Charlotte Overview



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Charlotte’s well-known pro-business environment is evident in its ability to move people and products efficiently and conveniently throughout the world. Service is available by air, rail, land, inland port and direct water access. Factor in geographic location, amenable climate, convenience to major U.S. markets, the Foreign Trade Zone, U.S. Customs and Border Protection office and the inland port, and it becomes clear that Charlotte offers advantages that make business easier to conduct and more profitable.

Charlotte is the 16th largest U.S. city with a population of 792,862, making it the largest city within the region. Of the major metro centers in the Southeast, Charlotte has 7.4 million people living within a 100-mile radius, compared to Atlanta’s 8.3 million. This radius population well exceeds Miami’s 6 million and Memphis’ 2.6 million. As a result, Charlotte has emerged as a financial, distribution and transportation center for the entire urban region.

Of the nation’s 51 metropolitan markets with more than 1 million in population, 34 are located on the Eastern Seaboard, making up more than 58 percent of the country’s population. Of these 34 markets, 29 lie within a 650-mile radius of Charlotte and can easily be reached by 24-hour truck delivery or two hours flight time. Charlotte is the only major distribution center midway between the Northeast, Midwest and Florida markets.

For three years running, North Carolina claimed the top spot in Site Selection magazine’s listing of the best business climates in North America. The magazine ranked Charlotte No. 1 on its list of top 10 U.S. cities for foreign investment. The Queen City has such a pro-business environment that 291 of Fortune’s top 500 companies have placed one or more facilities within the region.


Deal Cloud at Packard PlaceBalanced economy

Charlotte enjoys a vibrant, balanced economy that encompasses many sectors and companies that range in size from multinational to microbusiness. That variety helps make Charlotte’s economy one of the healthiest and strongest in the nation. Diverse business interests shelter the city from problems that can result from slowdowns and other economic challenges. The solid base also facilitates exceptionally strong growth during economic upswings.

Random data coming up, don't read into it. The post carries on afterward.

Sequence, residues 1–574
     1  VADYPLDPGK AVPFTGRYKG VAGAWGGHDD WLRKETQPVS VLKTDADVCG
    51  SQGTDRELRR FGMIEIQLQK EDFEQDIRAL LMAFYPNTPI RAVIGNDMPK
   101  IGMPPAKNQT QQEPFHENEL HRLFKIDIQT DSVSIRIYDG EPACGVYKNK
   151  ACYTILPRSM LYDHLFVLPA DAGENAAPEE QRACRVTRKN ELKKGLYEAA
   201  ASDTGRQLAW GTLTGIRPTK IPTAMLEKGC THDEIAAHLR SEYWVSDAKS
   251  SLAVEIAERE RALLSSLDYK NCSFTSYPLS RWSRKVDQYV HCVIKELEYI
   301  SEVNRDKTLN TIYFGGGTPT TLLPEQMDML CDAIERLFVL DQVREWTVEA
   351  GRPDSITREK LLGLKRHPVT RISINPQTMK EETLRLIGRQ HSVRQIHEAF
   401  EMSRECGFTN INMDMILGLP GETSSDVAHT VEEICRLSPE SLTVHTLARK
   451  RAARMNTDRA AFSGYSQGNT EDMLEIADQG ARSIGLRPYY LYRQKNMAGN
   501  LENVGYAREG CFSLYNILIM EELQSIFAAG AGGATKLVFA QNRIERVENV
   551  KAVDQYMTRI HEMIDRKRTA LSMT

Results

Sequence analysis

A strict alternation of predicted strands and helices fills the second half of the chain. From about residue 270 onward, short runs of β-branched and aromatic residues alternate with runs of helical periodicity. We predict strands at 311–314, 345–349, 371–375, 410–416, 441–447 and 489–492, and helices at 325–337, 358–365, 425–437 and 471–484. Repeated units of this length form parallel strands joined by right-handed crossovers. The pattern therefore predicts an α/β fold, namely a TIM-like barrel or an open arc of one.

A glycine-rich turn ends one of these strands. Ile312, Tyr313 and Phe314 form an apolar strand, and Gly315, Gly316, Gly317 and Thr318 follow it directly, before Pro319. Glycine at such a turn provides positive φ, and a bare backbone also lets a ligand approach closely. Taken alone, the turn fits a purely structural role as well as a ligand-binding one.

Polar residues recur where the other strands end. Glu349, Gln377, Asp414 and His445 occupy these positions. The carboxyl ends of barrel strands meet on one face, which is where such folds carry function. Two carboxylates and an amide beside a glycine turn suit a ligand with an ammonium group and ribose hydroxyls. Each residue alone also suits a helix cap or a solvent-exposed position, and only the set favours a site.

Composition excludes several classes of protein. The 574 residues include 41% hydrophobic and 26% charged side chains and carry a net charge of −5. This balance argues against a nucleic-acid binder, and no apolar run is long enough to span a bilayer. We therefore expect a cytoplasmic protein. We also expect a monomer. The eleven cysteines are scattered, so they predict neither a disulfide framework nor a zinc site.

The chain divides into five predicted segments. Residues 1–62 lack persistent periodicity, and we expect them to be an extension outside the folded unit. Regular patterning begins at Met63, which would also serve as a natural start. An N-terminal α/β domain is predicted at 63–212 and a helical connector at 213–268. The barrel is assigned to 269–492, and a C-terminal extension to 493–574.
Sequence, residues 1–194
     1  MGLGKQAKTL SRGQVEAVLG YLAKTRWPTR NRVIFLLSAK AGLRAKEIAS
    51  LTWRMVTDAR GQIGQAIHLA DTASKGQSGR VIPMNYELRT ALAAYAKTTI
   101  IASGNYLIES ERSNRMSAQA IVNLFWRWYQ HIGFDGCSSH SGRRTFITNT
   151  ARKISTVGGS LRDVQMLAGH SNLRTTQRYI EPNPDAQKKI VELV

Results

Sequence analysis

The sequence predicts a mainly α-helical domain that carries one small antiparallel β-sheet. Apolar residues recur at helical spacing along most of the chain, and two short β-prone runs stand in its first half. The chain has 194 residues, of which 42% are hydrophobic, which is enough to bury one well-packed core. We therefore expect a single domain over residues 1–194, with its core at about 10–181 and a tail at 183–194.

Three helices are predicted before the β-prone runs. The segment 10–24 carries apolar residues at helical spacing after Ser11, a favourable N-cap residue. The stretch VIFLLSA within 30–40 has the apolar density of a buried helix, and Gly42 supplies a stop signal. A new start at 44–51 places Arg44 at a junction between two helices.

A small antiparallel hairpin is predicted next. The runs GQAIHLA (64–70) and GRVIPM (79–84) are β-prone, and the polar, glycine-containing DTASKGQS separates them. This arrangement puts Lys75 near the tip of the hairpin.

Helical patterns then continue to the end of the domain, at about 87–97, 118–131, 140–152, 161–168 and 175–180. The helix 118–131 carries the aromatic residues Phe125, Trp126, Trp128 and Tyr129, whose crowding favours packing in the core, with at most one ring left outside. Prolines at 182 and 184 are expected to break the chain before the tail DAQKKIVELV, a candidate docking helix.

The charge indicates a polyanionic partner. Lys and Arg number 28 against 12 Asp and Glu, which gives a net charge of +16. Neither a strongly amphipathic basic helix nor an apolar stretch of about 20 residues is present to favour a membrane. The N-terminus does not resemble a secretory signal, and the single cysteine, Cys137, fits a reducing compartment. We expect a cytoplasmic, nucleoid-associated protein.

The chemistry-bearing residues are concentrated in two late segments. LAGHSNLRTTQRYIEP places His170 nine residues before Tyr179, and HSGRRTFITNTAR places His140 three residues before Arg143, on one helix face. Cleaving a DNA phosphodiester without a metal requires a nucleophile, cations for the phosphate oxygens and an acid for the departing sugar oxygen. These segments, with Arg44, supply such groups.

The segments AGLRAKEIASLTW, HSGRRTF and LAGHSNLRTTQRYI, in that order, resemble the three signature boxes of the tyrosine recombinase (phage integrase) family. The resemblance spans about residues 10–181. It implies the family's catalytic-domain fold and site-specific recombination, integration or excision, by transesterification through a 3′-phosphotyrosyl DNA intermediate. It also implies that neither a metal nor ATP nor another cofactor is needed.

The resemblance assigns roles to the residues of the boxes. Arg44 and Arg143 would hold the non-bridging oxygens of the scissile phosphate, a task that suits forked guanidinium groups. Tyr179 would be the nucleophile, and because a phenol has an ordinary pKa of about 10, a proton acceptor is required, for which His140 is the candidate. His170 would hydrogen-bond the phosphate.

While the economy’s strength is a plus, companies considering relocation to Charlotte will find other advantages in this broad-based economy. Suppliers and services are abundant and convenient. Employers’ costs for wages, benefits and labor overhead, such as worker’s compensation, unemployment and health insurance coverage, are significantly lower than in other regions. During the past 10 years, 7,212 new firms have invested more than $8 billion in new Charlotte facilities. Modern office space is conveniently located throughout the city.

Employment and Wages by Industry, Mecklenburg County

Employment and Wages by Industry, Mecklenburg County




Total Wages (millions)

Accommodation & Food Services 2,433 51,369 $946.90
Administrative & Waste Services 2,225 51,682 $1,891.00
Arts, Entertainment & Recreation 522 13,684 $559.20
Construction 2,442 26,576 $1,523.10
Educational Services 649 33,676 $11,335.70
Finance & Insurance 2,447 52,241 $5,662.40
Health Care & Social Assistance 2,649 66,606 $3,808.00
Information 650 19,727 $1,645.70
Management of Companies & Enterprises 411 24,809 $2,980.50
Manufacturing 988 32,760 $2,268.90
Mining 13 205 $10.70
Other Services 2,711 14,694 $576.70
Professional & Technical Services 5,378 42,680 $3,371.20
Public Administration 66 16,842 $939.10
Real Estate & Rental/Leasing 1,789 10,653 $619.10
Retail Trade 3,508 59,380 $1,838.50
Transportation & Warehousing 843 31,208 $1,647.30
Utilities 21 1,908 $205.20
Wholesale Trade 3,019 34,466 $2,320.70
Source: Quarterly Census of Employment and Wages, Annual Averages, 2013


Duke Energy CEO Lynn GoodCharlotte’s most surprising characteristic is that this Southern city is home to some of the largest corporations in the world. Five Fortune 500 companies are headquartered in Mecklenburg County. Another two Fortune 500 companies are headquartered in the Charlotte metro area: Home improvement giant Lowe’s is based out of Mooresville, N.C., and Domtar is headquartered in Fort Mill, S.C. This ranks the Charlotte metro area 20th nationally in metros with Fortune 500 headquarters.

That list doesn’t include an additional 10 Fortune 1000 companies that are headquartered in the Charlotte area. Charlotte is also home to 42 companies with more than $1 billion in annual sales. Hoover’s lists 4,220 companies